Burtch v. Milberg Factors, Inc., No. 10-2818 (3d Cir. 2011)Annotate this Case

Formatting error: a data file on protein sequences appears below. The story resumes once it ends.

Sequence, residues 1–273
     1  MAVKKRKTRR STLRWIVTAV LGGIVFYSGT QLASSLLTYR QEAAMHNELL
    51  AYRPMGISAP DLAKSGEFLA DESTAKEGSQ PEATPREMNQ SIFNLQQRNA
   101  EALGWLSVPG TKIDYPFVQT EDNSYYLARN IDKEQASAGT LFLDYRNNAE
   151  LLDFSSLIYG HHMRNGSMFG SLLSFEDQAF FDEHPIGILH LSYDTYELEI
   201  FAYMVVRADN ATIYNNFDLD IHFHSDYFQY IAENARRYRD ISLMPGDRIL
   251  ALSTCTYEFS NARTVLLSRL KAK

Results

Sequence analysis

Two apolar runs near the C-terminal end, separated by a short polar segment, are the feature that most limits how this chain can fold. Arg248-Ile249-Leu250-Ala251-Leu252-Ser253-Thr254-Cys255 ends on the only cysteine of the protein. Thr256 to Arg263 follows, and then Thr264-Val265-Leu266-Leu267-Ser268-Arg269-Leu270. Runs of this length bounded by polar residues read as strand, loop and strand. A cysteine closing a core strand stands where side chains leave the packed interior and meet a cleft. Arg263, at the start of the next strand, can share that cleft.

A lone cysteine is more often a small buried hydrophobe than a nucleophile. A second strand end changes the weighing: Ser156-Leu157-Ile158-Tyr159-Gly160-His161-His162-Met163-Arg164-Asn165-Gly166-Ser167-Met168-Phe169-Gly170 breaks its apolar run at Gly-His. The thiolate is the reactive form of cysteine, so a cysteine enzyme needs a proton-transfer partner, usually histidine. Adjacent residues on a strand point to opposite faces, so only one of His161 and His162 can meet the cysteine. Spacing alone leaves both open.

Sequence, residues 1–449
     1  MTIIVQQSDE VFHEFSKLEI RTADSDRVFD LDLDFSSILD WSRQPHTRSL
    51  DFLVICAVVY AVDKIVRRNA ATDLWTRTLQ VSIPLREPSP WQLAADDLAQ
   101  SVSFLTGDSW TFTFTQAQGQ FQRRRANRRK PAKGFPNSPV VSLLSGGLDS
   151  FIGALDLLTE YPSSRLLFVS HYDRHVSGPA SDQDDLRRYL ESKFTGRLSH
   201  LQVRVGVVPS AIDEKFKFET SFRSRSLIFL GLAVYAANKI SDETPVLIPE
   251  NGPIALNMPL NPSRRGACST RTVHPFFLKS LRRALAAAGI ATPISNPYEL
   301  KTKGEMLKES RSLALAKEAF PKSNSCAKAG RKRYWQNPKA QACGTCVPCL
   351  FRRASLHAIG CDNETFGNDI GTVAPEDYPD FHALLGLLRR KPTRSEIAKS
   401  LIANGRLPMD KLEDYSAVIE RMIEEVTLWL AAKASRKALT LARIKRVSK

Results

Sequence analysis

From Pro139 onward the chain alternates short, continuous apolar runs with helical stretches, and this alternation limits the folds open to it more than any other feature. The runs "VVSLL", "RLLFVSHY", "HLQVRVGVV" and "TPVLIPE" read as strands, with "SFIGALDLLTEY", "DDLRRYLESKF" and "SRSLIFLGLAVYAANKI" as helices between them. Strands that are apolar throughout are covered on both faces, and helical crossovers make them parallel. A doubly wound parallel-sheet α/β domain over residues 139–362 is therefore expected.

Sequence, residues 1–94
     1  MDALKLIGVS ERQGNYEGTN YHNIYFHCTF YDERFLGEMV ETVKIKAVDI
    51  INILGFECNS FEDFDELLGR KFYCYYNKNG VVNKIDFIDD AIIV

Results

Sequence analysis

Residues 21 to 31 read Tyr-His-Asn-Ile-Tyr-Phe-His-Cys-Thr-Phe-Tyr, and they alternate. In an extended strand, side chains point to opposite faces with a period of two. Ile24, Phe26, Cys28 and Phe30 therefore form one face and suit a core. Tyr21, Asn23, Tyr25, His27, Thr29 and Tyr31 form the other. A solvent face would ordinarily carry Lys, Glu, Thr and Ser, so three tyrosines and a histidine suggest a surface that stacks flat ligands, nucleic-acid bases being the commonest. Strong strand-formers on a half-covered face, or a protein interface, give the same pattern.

Factors purchase accounts receivable to assume garment manufacturers' risk with respect to amounts owed by retailer. A manufacturer typically cannot make sales to retailers for which factors decline to assume the risk. Factors determine the terms and conditions, including the discount rate at which they purchase receivables, payment terms required of retailers, and whether purchases by particular retailers will be financed. Plaintiff, a major discount clothing retailer had sub-par performance and declining sales for two years. Factors declined to extend credit, which caused increased costs and decreased profitability until plaintiff filed for bankruptcy. The trustee filed suit under the Sherman Act, 15 U.S.C. 1, and New York law, alleging that factors engaged in "cartel-like behavior," unlawfully exchanged information, and entered into illegal agreements in secretive weekly meetings and telephone conversations to minimize their risks and cost of doing business, maintain and stabilize pricing structures for factoring services; and stabilize their respective market shares. The district court dismissed. The Third Circuit affirmed, finding no direct evidence of agreement between the factors or of parallel behavior.